31-the-misinformation-issue

Overperforming Sends The Wrong Message

Lana Hunt

Growing up, we see high achievers and the overzealous be rewarded for always striving to break down barriers. This goes for academia, athletics, or even in the arts. It’s admirable and commands a high level of reverence because it takes a lot of hard work and dedication to create new standards. However, this can be detrimental to those who prioritize over-performing at tasks. The mental and physical burnout that comes with never being able to simply meet standards because they must be overcome is terrifying.

This not only creates an unhealthy level of stress on individuals, but it creates an insulated chamber of expectations. It is expected that these individuals are highflyers and they must do their best to shatter records. In their field, they must be the ones to excel.

No one should have to feel that pressure externally or internally.

For some, this insulated chamber is something that exists within because of a desire to please external voices. Early on, high achievers learn that if they perform well above average, they will be celebrated. Accomplished persons deserve their praise, but they also deserve freedom from unrealistic pressures. A person’s first critic must be themselves. If this doesn’t occur, then a people-pleaser attitude can be an attribute that hurts them in the long run.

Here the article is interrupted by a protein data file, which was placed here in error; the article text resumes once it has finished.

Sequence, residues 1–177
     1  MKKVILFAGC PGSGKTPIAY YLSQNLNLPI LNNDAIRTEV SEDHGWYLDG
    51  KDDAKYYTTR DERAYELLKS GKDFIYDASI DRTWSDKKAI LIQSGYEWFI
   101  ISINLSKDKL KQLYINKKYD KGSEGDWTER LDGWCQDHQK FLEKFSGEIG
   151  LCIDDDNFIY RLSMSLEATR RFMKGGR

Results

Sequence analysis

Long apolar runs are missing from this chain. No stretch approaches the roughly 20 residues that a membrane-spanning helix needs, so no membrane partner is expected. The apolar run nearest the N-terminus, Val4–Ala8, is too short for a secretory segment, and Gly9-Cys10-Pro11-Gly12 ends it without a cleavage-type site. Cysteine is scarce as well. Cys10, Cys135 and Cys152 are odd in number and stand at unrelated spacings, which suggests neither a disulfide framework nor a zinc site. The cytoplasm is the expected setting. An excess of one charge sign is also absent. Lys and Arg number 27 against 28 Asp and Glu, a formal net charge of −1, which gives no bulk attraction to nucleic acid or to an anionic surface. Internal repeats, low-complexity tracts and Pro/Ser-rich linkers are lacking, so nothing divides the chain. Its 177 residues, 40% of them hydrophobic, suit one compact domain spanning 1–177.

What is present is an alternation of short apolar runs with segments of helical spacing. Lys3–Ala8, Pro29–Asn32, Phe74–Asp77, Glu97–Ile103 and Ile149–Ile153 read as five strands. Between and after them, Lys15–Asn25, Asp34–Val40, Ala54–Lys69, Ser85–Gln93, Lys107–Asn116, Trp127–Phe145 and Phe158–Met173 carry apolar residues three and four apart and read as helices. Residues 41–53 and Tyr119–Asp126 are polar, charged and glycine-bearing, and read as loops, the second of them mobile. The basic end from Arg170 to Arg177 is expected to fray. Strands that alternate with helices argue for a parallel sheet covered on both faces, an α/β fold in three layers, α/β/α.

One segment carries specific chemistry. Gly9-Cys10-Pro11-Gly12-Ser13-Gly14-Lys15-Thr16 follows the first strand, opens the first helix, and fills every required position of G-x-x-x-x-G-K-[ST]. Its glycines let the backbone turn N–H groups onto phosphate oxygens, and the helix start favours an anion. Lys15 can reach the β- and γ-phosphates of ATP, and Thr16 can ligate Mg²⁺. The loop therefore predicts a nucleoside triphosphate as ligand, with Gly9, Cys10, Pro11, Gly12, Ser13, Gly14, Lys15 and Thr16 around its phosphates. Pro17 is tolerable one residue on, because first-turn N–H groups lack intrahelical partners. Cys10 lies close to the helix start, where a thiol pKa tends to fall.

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When dealing with clients, a people pleaser is expected to go above and beyond. This could mean taking calls at the last minute, working past normal hours, or giving more than what was needed. From a client’s perspective, it’s great to have someone overdeliver and pay attention to small things. In fact, it’s a good deal to have someone do more than they are paid to because it should commitment.

However, if this is a recurring thing, thing clients and customers expect unrealistic results. If one day a barista gives a customer a latte on the house, is it fair that the customer demands a free latte at any point in time? Obviously not. Clear lines need to be drawn to show customers where they are being facilitated. This is a reward to them for being consistent. This is not a right they have.

High achievers have to learn to say no to customers when demands are excessive, but first, they need to recognize that it’s okay to not over-perform. They don’t need to make additional revisions without adding an additional cost. They don’t need to sacrifice their personal time to devote energy to clients or customers. They don’t need to spend time overthinking how to please someone who doesn’t value professional boundaries.

Weeding out clients and customers like this is a good thing. They are sponges that keep absorbing time, energy, and peace of mind. In turn, this costs a business money. It’s absolutely fine to reward good customers, but ensure that you don’t extend those rewards to those who are undeserving. A good professional relationship banks on mutual respect.



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